- 2oz. Scottish mixed
- 0.75oz. Lemon juice
- 0.75oz. Ginger / Honey Syrup
- 0.25oz. Smoked Scotch
Add the blended scotch, lemon juice and ginger/honey syrup to a shaker with ice and shake for six to eight seconds. Strain over fresh ice in a highball glass, gently drizzle the smoky scotch over the top, and garnish with something aromatically neutral like ginger candy or nothing at all.
Notes on ingredients
Scottish mixed: Your options here are wide. “Blended” in this case means a Scotch that is a blend of malt whiskey (rich and full-bodied) and grain whiskey (light and sweet), designed to be smooth and approachable. The good news here is that blends are plentiful and often inexpensive – my favorite these days is Compass Box’s Great King Street: Artist’s Blend, but for penicillins the blended scotch is less important. Famous Grouse, Scottish Glory, Dewars, Chivas – they all work, as would a smooth 100% malt whiskey like Monkey Shoulder.
Smoked Scotch: Ross used the Compass Box Peat Monster in 2005, which still works great. Most of us use the Laphroaig 10 Year Old because it’s every inch the beast you want it to be, while being much cheaper. Traffic jams from Ardbeg, Bowmore, Lagavulin, Bruichladdich and others would also be interesting. It’s only a quarter ounce, so I try not to be too prescriptive on specific bottlings – just make sure it’s big and smoky.
Ginger/honey syrup: There are many ways to make ginger and honey syrup. Here are four, in the order I prefer them, which also happens to be from the hottest to the hottest.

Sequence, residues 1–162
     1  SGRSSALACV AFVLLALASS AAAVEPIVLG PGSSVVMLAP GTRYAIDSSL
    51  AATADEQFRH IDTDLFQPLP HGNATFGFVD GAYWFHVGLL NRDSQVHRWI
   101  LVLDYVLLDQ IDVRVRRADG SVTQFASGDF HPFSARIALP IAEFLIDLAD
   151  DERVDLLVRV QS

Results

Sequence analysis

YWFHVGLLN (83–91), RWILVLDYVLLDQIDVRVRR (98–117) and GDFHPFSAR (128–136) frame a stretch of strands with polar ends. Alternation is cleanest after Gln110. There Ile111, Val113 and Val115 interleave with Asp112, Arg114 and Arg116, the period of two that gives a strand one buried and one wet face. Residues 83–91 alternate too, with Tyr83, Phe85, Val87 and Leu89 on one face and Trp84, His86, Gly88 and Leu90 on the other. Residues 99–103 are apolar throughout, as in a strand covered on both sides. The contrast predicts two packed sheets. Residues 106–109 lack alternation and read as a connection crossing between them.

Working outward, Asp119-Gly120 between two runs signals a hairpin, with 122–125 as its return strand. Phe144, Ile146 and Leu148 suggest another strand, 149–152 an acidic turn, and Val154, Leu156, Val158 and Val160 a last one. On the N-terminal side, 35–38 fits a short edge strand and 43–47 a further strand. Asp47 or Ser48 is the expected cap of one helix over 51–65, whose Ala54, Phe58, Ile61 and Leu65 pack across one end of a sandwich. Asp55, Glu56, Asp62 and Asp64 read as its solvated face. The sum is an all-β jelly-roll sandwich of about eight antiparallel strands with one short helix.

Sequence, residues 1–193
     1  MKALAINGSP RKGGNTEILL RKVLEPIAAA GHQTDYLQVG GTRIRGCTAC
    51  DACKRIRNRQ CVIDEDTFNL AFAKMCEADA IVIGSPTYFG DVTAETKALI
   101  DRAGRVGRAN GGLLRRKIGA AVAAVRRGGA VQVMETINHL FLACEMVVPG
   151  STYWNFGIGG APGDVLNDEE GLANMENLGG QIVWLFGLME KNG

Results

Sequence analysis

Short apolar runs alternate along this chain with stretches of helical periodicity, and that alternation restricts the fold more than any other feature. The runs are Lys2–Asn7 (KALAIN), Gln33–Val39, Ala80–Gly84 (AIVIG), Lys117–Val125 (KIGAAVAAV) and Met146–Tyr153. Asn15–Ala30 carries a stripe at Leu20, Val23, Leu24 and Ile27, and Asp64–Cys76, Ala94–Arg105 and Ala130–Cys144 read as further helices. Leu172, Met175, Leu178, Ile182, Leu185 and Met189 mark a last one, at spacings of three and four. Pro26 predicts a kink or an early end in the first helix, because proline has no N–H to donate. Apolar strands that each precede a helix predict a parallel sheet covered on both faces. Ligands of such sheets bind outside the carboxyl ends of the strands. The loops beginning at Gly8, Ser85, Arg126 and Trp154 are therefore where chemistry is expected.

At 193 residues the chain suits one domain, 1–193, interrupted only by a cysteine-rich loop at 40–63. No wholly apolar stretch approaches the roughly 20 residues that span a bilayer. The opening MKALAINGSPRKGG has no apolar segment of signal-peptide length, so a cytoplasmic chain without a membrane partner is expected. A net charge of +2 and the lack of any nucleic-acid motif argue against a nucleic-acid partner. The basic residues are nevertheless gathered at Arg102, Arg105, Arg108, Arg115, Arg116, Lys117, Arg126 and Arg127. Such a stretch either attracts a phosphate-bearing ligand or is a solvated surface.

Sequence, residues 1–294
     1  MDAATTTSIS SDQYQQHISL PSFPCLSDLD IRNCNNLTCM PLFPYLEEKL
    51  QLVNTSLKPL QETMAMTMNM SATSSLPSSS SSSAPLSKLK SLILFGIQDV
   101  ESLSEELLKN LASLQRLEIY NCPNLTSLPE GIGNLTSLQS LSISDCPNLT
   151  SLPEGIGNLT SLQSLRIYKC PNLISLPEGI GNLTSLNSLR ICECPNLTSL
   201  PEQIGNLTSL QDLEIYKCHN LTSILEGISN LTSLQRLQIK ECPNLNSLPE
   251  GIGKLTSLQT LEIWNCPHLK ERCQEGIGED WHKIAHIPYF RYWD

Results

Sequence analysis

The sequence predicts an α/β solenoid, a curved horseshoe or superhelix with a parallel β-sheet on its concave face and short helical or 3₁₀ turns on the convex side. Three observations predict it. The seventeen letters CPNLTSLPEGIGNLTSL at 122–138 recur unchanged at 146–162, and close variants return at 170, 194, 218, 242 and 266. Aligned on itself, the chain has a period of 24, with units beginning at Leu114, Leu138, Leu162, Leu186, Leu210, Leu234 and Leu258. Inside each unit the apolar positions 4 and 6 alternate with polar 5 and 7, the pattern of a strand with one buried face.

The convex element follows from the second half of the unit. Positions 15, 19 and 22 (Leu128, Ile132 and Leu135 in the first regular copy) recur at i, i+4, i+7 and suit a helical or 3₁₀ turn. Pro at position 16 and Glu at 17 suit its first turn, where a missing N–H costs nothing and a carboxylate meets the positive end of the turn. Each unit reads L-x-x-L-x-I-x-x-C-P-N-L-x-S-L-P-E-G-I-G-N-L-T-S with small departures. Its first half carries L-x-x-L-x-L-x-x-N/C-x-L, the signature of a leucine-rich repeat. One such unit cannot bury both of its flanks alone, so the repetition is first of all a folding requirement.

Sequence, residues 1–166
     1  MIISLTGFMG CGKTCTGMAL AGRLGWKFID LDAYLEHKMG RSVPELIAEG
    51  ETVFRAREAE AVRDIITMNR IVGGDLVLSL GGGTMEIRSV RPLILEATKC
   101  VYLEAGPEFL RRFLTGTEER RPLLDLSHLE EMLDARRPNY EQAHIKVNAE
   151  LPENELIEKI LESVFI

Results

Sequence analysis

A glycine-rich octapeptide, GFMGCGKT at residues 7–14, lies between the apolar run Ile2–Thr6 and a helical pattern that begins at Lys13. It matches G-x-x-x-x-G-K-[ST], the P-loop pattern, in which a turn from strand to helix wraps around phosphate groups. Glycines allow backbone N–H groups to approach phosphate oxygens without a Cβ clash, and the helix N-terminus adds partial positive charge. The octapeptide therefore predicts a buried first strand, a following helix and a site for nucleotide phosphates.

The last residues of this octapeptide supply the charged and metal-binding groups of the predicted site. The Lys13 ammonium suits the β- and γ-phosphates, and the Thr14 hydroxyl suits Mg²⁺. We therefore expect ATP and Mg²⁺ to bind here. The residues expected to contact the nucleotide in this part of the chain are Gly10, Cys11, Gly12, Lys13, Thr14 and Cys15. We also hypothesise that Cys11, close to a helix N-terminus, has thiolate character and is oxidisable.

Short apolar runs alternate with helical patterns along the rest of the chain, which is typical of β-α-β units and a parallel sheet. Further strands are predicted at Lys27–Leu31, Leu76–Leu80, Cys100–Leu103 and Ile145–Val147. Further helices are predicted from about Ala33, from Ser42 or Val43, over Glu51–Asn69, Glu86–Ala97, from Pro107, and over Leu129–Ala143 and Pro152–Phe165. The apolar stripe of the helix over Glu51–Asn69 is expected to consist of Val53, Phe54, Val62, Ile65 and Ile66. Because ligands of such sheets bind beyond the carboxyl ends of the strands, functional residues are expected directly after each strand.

If you have access to a good juicer, you can literally squeeze some ginger (it’s fibrous and the yield is horrible, but it tastes so good) and add 2 oz. ginger juice to 6 oz. honey, and stir to combine.
If you have a good blender, you can make 6 oz. honey, 2 oz. chopped ginger root and 2 oz. of hot water in a blender and blend on high power for 30 seconds, then strain out the fibrous solids.
Alternatively, on the stovetop, add to a small saucepan 6 oz. honey, 3 oz. water, and a finely chopped 3- to 4-oz. piece of ginger and simmer over low heat for five minutes, before cooling, straining out the solids and bottling.
If you don’t have any of these things, you can always make Simple Honey Syrup 6 oz. honey to 3 oz. hot water and stir to dissolve. Then for the cocktail, instead of the above recipe of 20g of ginger and honey syrup, make 15g. honey syrup and 0.5 oz. a ginger liqueur like Canton or King’s Ginger.
The only other thing I will say is that as the methods get a bit inaccurate, so does the sweetness quotient, so you may need to adjust the recipe for the final cocktail to make sure it’s balanced sweet/sour.
Variants: This idea of a sweet base spirit spiked with its dangerous cousin is fruitful and worthy of experimentation. Penicillin #2 is the same but with tequila as a base and a mezcal float. You can do it with vodka and pisco, gin and aquavit, anything light and intense. Ginger, honey and lemon go with just about anything.